Center for Southeast Asia Is Formally Established
The Center for Southeast Asia Environment and Sustainable Development kicks off its formal establishment at Buffalo State College with a book signing today at 12:30 p.m. in the Barnes & Noble at Buffalo State Bookstore.
Water Resources and Development in Southeast Asia, a collection of 12 invited and peer-reviewed papers addressing water and development issues relevant to Southeast Asia, was co-edited by Kim Irvine, professor of geography and planning and director of the new center. Other editors are Stephen Vermette, professor; Vida Vanchan, assistant professor; and Tom Murphy, adjunct faculty member, all of Geography and Planning.
The center, according to Irvine, is a focal point for existing campus efforts to promote sustainable development in Southeast Asia. “The center will make it easier to develop programmatic activities for our students,” he said, “and it will help us compete successfully for funding.” The center has existed under the aegis of the Research Foundation since 2008.
Irvine’s interest in Southeast Asia resulted from a sabbatical project at the National Water Research Institute of Environment Canada, where he met Murphy, an environmental scientist . Murphy’s projects involved technology for treating contaminated sediment. Because Irvine has a long-standing interest in wastewater treatment, the two became collaborators.
In 2003, Irvine and Murphy traveled to Chiang Mai University in Thailand. “We found out that Chiang Mai has a geography and planning department much like ours,” said Irvine, “and we developed a collaborative relationship with them.”
Since then, Irvine and Vermette separately and together have been involved in many projects in Southeast Asia, including several in Cambodia. Irvine coauthored “Integrated Water Resources Management—Opportunities and Challenges for Cambodia” with several scientists from Resource Development International–Cambodia. The work, which is included in Water Resources and Development in Southeast Asia, discusses the integrated water resources management (IWRM) philosophy and principles that have been used in the Great Lakes of North America, with an eye toward their possible application to the Mekong River basin in Cambodia.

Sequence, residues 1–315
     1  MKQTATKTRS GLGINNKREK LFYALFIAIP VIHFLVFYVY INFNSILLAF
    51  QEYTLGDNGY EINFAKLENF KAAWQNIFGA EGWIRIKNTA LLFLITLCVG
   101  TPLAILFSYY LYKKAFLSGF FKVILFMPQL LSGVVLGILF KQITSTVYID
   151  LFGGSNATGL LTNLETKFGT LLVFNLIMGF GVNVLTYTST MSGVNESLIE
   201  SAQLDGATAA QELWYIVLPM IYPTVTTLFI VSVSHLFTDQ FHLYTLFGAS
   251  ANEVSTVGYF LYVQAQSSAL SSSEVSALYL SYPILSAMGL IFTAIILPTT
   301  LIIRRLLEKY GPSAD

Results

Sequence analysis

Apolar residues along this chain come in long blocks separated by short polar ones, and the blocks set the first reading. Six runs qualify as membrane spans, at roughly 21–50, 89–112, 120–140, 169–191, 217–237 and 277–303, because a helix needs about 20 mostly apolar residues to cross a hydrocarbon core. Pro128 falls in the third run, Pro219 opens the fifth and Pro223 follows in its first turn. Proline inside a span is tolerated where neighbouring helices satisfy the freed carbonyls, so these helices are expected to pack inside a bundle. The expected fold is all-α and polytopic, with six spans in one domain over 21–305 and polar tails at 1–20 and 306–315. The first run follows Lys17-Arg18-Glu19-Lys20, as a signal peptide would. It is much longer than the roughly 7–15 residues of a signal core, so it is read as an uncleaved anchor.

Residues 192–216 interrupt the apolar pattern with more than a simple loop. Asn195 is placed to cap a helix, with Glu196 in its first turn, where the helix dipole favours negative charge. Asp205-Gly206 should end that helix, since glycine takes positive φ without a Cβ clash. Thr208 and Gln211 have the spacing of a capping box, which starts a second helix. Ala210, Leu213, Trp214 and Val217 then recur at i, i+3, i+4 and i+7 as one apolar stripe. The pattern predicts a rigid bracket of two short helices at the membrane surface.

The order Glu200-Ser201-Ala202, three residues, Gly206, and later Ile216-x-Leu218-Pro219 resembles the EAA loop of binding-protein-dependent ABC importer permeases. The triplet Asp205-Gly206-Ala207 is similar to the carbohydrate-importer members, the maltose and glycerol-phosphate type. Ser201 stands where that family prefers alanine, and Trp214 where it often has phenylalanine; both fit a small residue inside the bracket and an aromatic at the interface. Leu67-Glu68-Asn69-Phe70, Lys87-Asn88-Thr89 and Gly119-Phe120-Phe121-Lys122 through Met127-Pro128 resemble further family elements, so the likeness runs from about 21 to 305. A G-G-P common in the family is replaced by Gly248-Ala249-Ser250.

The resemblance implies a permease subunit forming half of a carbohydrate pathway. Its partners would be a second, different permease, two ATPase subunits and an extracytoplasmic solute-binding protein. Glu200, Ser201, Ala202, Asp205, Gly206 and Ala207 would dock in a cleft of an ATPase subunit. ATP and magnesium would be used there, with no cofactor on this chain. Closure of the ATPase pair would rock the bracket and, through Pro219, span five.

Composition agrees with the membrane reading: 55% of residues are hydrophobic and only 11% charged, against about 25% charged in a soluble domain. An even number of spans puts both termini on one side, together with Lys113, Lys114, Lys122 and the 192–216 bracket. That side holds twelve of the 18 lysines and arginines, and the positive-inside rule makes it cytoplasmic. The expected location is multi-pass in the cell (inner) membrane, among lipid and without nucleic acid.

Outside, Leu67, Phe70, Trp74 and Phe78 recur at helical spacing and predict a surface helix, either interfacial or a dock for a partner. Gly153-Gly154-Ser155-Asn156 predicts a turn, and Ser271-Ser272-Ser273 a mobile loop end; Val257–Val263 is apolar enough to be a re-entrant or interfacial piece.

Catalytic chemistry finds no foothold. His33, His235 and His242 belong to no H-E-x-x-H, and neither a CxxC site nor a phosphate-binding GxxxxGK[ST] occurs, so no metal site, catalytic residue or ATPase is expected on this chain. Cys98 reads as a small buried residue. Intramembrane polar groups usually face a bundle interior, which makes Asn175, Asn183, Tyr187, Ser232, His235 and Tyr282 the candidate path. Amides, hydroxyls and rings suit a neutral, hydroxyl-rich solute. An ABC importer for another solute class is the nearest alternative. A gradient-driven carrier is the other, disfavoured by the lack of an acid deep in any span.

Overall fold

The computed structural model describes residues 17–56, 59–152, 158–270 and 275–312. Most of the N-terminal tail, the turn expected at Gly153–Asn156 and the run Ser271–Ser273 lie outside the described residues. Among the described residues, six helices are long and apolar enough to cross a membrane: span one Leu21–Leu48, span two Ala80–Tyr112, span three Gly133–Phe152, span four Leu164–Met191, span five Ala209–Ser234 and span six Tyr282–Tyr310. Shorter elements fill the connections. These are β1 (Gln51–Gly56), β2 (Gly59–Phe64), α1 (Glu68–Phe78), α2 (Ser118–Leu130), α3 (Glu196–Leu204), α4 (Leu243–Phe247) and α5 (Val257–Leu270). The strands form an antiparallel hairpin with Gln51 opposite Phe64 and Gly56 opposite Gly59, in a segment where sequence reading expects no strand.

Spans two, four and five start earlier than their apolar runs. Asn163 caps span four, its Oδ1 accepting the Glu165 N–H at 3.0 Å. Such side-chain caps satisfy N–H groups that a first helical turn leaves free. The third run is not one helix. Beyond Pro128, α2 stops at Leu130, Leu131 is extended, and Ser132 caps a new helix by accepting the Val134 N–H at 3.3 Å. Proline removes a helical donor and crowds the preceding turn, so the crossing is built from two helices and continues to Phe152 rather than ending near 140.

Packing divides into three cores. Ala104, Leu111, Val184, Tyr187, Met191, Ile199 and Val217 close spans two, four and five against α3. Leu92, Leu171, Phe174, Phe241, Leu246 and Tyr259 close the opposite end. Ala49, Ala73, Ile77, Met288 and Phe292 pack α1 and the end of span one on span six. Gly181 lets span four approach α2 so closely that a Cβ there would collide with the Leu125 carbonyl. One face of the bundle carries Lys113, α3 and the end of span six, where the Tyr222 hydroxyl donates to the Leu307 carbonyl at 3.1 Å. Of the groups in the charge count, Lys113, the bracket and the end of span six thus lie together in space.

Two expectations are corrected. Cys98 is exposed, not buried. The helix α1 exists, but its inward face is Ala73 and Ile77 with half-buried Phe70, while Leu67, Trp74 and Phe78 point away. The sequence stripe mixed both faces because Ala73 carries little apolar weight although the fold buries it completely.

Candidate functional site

Tao Tang, associate professor of geography and planning, along with Irvine and Vermette, has also participated in efforts to assess and improve water quality in Southeast Asia. With funding from the Conservation, Food, & Health Foundation, they assessed drinking-water quality in Cambodia.
In 2008, with funding from the National Science Foundation, Irvine and Vermette took six undergraduates to Cambodia and Thailand for a six-week research experience. Using kits developed for drawing water samples from Lake Erie, Buffalo State faculty members have developed ways for faculty and students from the Royal University of Phnom Penh, non-governmental organizations, and even high schools in Cambodia to establish drinking-water-quality assessment programs. Waterborne illness is a major cause of death in Cambodia.
“We hope that Water Resources and Development in Southeast Asia is a useful text for understanding issues regarding water-resource management,” said Irvine. “The lessons we’ve learned are applicable in many places. With the new center, we look forward to more opportunities for our students and for expanded international collaborations.”